So, what does Putin want? Putin has a deranged vision of Mother Russia which in his mind is full of the romantic but dangerous nationalism Tolstoy wrote. It is a vision underpinned by a warped sense of glory built on a mythical past that never happened. The contrast with many Western leaders is striking. Several of them seem not to like their countries, are ashamed of them, or simply believe them to be doomed and thus all that can be done is to manage their decline. The one thing both Putin and such Western political and bureaucratic elites can agree upon is the vital need to ignore the views of the frightful irrational people they rule over. Rationality is the great gate keeper to power in European democracies, but it is defined by the economists and lawyers who dominate European governments in particular. Economists are incapable of understanding why human beings do things, whilst lawyers simply believe law is power. It is not. Neither economists nor lawyers understand the power of geopolitics. One reason for the mess Britain is in is the naiveté of economists and their misplaced belief that globalisation would ensure peace. The only thing that it ensured was Chinese enrichment at the expense of the West, and London’s kowtowing to Beijing given China’s hold over many of Britain’s institutions.
War, Peace, Power…and Risk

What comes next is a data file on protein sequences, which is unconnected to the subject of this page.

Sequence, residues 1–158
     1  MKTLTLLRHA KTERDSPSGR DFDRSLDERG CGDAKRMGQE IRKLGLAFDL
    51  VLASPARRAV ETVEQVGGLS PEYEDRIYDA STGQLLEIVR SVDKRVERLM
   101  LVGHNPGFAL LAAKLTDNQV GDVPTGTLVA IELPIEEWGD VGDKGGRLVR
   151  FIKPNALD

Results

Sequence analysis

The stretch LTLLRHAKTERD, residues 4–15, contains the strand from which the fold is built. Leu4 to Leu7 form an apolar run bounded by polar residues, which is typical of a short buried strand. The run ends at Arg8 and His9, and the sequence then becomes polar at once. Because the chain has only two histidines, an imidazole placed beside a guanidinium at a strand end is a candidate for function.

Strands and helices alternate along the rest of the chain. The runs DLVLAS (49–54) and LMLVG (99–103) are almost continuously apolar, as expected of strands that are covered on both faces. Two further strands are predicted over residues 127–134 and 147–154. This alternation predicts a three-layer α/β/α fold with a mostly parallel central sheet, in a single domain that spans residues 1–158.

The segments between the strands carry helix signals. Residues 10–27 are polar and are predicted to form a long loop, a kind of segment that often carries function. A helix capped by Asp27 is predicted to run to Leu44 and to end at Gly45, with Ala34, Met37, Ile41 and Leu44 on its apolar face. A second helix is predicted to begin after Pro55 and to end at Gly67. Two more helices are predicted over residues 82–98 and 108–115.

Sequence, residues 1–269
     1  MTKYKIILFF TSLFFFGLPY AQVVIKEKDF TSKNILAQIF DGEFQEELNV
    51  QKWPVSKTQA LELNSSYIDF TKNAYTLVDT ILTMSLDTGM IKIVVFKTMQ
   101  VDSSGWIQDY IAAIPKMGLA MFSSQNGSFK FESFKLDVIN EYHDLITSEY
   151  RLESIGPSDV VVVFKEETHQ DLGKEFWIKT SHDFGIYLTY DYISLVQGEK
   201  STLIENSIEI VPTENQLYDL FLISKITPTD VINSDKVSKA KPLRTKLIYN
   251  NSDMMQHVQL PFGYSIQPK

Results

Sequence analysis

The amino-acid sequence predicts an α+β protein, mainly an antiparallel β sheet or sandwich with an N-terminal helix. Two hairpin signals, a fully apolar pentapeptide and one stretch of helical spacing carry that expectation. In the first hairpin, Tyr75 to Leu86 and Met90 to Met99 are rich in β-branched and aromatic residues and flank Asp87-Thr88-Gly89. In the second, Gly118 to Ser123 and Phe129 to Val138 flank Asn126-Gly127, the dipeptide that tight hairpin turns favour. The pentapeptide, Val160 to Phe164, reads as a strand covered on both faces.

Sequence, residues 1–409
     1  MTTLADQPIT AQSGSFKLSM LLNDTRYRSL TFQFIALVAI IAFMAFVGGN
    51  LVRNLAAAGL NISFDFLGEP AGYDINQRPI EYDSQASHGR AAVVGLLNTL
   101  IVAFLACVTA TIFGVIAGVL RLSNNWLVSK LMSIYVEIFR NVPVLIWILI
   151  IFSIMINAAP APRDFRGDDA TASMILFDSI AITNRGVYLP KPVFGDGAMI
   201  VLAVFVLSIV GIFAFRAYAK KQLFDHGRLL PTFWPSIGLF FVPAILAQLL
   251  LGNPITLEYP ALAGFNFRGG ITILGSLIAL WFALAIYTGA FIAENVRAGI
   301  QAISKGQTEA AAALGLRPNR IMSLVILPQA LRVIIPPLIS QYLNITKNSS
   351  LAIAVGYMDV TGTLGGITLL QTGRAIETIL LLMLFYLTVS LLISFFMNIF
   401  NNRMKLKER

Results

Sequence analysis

Consequently, there is a dangerous flaw at the heart of the entire Ukraine-enabling ‘Western’ strategy – Western leaders do not believe Ukraine can win. For that reason what passes for ‘strategy’ is not linked to any form of applied statecraft. Much of this is due to the utter risk aversion of a pacifistic decadent elite cowed by their failures in Afghanistan, Iraq, Libya and elsewhere. Putin is a product of Western pacifism and failure and only possible because these same leaders now believe they can take no action that involves risk. Most strategy and all action involve risk for without it there is not the slightest chance of realising aims for which ‘strategy’ or rather change is ‘designed’. Statecraft is about the effective management of strategy, actions and risk over time and space in such a way that one’s interests are realised without undue cost. For statecraft to succeed there must first be a clear understanding about the desired goal. What is now clear is that a new European security order will be needed, and that ‘we’ in the West will at some point need to impose it and manage it. Only then can we in the West pose THE war and peace question Moscow too must sooner or later confront: does Russia wish to be part of Europe, distinct from it, or a danger to it? If Putin does indeed want to play the role of strategic hooligan, he must be made to understand there can be no conceivable action or risk the Kremlin could take from which Russia or the Kremlin could possibly benefit.
In essence, what these leaders are doing is purposely but dangerously de-linking the war in Ukraine from the wider war even if a Ukrainian defeat would not only make the wider war more likely but also hasten it. The reason they are doing this is because they still lack a firm understanding of the consequences of a Ukrainian defeat. This in turn reveals a profoundly dangerous managerial approach to geopolitics bereft of the very thing that defines it – hard military power!
It is true that Western leaders are not interested in war, but war is already taking an ever-closer interest in them, their people, and their countries.